Graduate Courses

521 Real Time Systems 

This course covers analysis techniques and development methodology for real- time systems. Topics include: real-time process and control, soft and hard real time systems, real-time scheduling algorithms, schedulability analysis theory, resource access control, real-time operating systems, real-time communications, performance analysis, requirement specification and system specification, verification of real-time systems, and formal development process of time critical real-time systems. Three credits. 

522 High Performance Computing 

This course is designed for graduate level parallel computing courses. This is not only a course which is linked to real parallel programming software, but also a course which covers many theoretical aspects on architectures, algorithms and applications. This course concentrates on parallel program to be executed not only on special multiprocessor systems or supercomputers, but also on networked workstations (Linux) or PCs using freely available parallel software tools such as Message Passing Interface (MPI) and Parallel Virtual Machine (PVM). Some emerging topics such as cluster computing, grid computing, cloud computing, peer- to-peer computing, as well as multicore systems will be introduced. Three credits. 

523 Software Engineering 

This course covers major concepts in software engineering. The fundamental characteristics of the software life cycle as well as tools and techniques for development and maintenance of large software systems will be presented. A major objective of this course is to give the student real-life software development experience. This objective is accomplished through the student’s participation on a team that will develop a single software product over the course of the term. Product development will follow the full software life cycle from requirements analysis through product delivery. The focus will be on an object-oriented development strategy. Three credits. 

524 Mobile Application Design/Development 

Mobile applications are software applications designed to run on mobile devices. The Android mobile platform has become one of the most popular platforms used by millions of devices around the world. This course introduces App development for the Android OS. The course covers the Android system, fundamental components of Android Apps, how to create user interfaces in Android, and how to create Android Apps that use databases, location, and networking, multimedia and/or other services. Three credits.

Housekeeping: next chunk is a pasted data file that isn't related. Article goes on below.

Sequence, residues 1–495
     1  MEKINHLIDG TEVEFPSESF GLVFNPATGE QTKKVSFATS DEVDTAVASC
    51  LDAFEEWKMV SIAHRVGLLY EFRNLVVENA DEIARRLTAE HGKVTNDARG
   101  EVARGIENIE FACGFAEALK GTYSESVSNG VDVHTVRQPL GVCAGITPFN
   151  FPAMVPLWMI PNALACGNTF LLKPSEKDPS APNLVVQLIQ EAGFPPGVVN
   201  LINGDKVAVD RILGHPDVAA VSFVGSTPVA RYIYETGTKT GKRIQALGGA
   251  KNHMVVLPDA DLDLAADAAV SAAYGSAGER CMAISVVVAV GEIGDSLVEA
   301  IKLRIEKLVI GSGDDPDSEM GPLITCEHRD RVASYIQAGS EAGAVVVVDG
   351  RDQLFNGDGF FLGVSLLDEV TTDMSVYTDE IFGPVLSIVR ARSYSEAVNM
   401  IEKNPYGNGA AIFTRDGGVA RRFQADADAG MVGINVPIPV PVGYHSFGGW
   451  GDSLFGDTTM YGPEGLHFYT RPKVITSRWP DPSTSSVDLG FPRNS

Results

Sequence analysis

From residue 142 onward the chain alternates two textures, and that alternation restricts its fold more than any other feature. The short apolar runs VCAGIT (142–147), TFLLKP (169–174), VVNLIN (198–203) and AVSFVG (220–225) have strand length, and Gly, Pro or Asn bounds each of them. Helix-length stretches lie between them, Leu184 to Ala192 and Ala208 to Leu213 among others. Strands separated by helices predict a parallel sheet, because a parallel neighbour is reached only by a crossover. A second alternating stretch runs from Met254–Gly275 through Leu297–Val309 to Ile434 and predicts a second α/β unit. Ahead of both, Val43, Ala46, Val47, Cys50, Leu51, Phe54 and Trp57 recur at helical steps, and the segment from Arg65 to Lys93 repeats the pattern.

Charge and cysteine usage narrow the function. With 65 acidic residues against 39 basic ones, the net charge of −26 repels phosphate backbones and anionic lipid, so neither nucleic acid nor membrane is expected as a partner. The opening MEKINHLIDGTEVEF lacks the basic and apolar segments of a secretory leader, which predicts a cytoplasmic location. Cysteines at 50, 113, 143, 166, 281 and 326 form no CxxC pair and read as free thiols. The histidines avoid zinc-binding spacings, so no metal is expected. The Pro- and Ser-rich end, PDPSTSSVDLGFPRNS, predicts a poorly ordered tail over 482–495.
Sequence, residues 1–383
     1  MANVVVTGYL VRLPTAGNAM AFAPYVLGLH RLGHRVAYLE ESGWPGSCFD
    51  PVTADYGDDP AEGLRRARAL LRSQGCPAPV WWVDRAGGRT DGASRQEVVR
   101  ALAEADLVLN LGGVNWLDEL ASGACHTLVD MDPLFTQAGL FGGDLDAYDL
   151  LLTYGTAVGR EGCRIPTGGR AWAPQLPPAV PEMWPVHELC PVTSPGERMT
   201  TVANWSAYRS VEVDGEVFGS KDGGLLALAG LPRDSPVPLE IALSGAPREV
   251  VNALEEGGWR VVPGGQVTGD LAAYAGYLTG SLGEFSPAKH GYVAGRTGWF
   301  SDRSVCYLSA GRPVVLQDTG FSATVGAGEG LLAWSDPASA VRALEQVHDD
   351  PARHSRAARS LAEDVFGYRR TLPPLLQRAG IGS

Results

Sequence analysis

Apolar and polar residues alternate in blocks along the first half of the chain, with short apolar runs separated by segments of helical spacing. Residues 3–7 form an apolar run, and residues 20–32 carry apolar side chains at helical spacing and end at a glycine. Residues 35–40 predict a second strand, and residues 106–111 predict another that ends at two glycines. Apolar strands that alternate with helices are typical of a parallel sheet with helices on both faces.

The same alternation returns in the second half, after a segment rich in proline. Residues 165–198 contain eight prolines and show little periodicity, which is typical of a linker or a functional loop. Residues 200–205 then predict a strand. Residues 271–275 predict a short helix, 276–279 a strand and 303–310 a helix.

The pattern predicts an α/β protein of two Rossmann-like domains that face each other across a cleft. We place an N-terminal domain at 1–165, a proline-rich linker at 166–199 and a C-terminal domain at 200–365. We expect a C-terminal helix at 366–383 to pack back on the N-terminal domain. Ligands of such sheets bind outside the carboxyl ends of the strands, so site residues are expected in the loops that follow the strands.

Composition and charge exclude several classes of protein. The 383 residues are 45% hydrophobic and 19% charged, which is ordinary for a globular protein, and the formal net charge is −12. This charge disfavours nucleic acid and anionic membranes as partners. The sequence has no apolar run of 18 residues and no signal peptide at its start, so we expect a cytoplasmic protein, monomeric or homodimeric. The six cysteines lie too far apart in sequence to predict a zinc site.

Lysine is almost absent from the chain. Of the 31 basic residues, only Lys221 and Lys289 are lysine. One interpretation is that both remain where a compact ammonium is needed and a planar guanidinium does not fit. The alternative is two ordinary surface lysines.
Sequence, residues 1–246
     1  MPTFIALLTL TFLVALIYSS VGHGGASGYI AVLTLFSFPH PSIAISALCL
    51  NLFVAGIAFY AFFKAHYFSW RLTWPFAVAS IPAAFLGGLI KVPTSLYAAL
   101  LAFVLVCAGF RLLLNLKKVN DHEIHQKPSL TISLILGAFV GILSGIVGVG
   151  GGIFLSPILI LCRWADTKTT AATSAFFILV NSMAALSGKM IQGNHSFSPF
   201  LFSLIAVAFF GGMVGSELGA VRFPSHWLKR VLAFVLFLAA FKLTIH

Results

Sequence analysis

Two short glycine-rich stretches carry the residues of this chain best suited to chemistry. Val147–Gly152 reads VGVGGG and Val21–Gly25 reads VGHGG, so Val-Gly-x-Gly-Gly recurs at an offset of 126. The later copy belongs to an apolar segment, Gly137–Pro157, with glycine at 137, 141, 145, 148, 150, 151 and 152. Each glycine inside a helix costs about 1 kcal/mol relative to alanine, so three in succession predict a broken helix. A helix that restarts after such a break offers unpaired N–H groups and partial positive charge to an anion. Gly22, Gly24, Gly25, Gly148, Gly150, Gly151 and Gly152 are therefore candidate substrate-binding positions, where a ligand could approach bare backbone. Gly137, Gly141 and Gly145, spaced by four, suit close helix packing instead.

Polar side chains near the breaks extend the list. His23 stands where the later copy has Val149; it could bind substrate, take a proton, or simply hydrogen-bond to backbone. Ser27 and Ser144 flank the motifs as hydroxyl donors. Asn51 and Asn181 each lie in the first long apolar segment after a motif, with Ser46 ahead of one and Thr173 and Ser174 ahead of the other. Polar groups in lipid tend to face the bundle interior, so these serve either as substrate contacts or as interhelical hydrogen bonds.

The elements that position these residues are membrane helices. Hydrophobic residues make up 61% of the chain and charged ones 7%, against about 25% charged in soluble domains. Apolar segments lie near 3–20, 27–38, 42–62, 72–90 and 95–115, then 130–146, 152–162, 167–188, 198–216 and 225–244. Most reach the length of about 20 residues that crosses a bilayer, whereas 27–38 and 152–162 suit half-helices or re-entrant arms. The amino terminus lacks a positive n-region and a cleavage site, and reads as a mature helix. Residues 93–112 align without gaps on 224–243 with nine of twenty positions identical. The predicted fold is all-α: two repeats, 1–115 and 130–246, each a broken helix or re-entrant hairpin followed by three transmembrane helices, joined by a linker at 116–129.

526 Embedded Systems 

This course will study embedded programming with a focus on wireless sensor networks, and the state of the art in mobile communication research. Students are expected to present research papers from the recent literature, and to learn TinyOS programming with NesC and application development in MICA2 platform. Three credits. 

527 Big Data 

The emphasis of this course is to introduce big data technology. Course topics include reliable and big data storage, efficient big data processing and analytics, and important Spark APIs. Students will gain abilities to design highly scalable systems that can store, process, and analyze a big volume of unstructured and/or semi-structured data in batch mode and/or real time. Three credits. 

528 Advanced Data Analytics 

The course will introduce advanced algorithms for structured data analytics and their applications in real-world problems. Course topics include classification, cluster analysis, association analysis, and anomaly detection. Students will learn these algorithms with hands-on implementation and gain abilities to derive value from collected data by applying the advanced data analytics algorithms. Three credits. 

541 Theory of Computing 

This course focuses on three areas central to the theory of computation: automata, computability and complexity, to investigate the question: What are the fundamental capabilities and limitations of computers? We study automata (models of computation) e.g., finite state machines, pushdown automata and Turing machines and the languages recognized by them. We investigate complexity theory, to classify problems as easy or hard and computability theory to classify problems as solvable or not. Three credits. 

 542 Representation & Reasoning 

This course provides a survey of general methods for analyzing knowledge about the real world and mapping it to a computable form. Principles of knowledge representation and their role in adapting logic and ontology to the task of constructing computable models of an application domain are introduced. Methods for representing dynamically changing processes and events are presented. Ways of dealing with vague, uncertain, imprecise or inconsistent facts are discussed. Three credits.

543 Specification and Verification 

Topics covered include: introduction to formal methods; propositional and predicate logic; verification and model checking; Hoare-style program verification; modeling systems; specification using temporal (e.g., CTL, LTL), and other modal logics; various model checkers; partial order reduction; compositional reasoning and abstraction; automated theorem proving using tableau; problems/challenges to effective verification of large scale systems. Three credits. 

544 Computational Logic 

This course focuses on automated theorem proving. We start with a rigorous treatment of propositional and first order calculus (with equality) and the method of natural deduction, giving a thorough investigation of the soundness and completeness proofs and decidability. Then we compare and contrast several automated theorem proving methods such as tableau, resolution, sequent style calculus and rewrite systems. Extensions to other logics will be discussed. Students will implement one of the automated theorem proving methods. Three credits.